# Change general path homotopy to path homotopy relative to endpoints

Let $X$ be a topological space and $x_0\in X$. Let $f,g:I\to X$ be two paths starting from the same point $x_0$. Let $F:f\simeq g ~\text{rel}~x_0$ be a homotopy. We know that $h(t)=F(1,t)$ is a path from $f(1)$ to $g(1)$. My question is, are paths $f*h$ and $g$ homotopic relative to endpoints? What is the explicit formula for the homotopy?

The homotopy that you want can be obtained from the homotopy $F : [0,1] \to [0,1]$ in the following manner.

First, we know that $F(s,0)=f(s)$, $F(s,1)=g(s)$, $F(0,t)=x_0$, and $F(1,t)=h(t)$.

The thing to do is to define an appropriate continuous function $Q : [0,1] \to [0,1]$ and then to show that $F \circ Q : [0,1] \to [0,1]$ is a path homotopy from $f*h$ to $g$. Here are four features of $Q$ which we will need in order be able to show that.

First, $Q(0,t)=(0,t)$. That guarantees that $F \circ Q(0,t)=x_0$.

Second, $Q(1,t)=(1,1)$. That guarantees that $F \circ Q(1,t)=x_2$.

Third, $Q(s,0)=(2s,0)$ if $0 \le s \le 1/2$; and $Q(s,0) = (1,2s-1)$ if $1/2 \le s \le 1$. That guarantees that the map $s \mapsto F \circ Q(s,0)$ is the path $f*h$.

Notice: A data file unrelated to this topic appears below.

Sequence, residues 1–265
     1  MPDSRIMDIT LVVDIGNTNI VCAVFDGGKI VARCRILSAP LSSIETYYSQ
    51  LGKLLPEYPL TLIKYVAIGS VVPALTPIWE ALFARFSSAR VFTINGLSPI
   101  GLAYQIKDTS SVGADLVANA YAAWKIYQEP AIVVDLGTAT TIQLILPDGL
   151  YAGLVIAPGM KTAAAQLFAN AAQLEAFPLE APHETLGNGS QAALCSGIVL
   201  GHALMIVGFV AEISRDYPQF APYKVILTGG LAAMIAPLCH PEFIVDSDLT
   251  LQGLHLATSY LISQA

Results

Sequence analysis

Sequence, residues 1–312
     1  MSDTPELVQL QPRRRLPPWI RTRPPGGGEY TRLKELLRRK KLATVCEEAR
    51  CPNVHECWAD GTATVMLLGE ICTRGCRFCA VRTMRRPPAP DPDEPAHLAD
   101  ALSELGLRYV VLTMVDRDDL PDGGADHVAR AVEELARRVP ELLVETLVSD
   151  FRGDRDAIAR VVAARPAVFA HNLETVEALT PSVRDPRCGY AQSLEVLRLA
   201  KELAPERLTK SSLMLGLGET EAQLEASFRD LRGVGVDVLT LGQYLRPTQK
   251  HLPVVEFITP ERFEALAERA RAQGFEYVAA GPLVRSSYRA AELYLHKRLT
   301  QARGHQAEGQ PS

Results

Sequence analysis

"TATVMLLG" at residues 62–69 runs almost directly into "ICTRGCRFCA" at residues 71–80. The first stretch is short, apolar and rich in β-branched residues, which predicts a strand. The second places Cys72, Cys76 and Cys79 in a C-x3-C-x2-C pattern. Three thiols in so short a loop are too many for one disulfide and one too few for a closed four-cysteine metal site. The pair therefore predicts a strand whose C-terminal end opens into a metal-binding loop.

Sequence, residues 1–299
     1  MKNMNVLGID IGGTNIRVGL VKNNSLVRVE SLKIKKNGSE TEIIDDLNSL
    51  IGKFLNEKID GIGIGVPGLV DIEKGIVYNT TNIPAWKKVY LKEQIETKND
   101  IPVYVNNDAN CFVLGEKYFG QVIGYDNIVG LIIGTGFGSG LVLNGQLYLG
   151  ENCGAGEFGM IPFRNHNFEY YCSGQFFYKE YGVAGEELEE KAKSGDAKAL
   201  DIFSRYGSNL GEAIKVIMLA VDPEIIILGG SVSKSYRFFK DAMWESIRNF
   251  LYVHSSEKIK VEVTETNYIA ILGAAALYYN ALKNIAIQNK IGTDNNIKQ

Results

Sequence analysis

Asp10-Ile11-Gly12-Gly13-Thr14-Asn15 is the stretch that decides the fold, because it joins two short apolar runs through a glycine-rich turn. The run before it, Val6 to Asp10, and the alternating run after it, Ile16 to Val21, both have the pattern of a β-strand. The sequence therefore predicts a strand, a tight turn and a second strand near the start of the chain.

Fourth, $Q(s,1)=(s,1)$. That guarantees that $F \circ Q(s,1)=g(s)$.

So all that is needed is to show that $Q$ exists with those properties. I've already said exactly how to define $Q(b)$ for each point $b \in \partial([0,1]\times[0,1])$ meaning the boundary of $[0,1]\times[0,1]$.

Next, let $c=(1/2,1/2)$ and require that $Q(c)=c$.

Finally, extend over the "radii" connecting $c$ to $\partial([0,1]\times[0,1])$, meaning that for each $b \in \partial([0,1] \times[0,1]$ and each $0 \le u \le 1$ define $$Q((1-u)c + ub) = (1-u)Q(c) + u Q(b) = (1-u)c + u Q(b)$$

The same homotopy will work if you parametrize it differently. Just use e.g. $$G(x,t)=\begin{cases}F(2x/(t+1),t) & x\leq (t+1)/2 \\ F(1,2x-1) & x> (t+1)/2\end{cases}$$

It might be a good exercise for you to verify that that homotopy gives you exactly what you want (and is coninuous!). To see how I came up with it, try graphing how it maps the unit square to itself.

And note that while the above is one of the easiest and simple-to-write examples of such a homotopy, any continuous map from the unit square to itself that behaves as necessary on the boundary will suffice.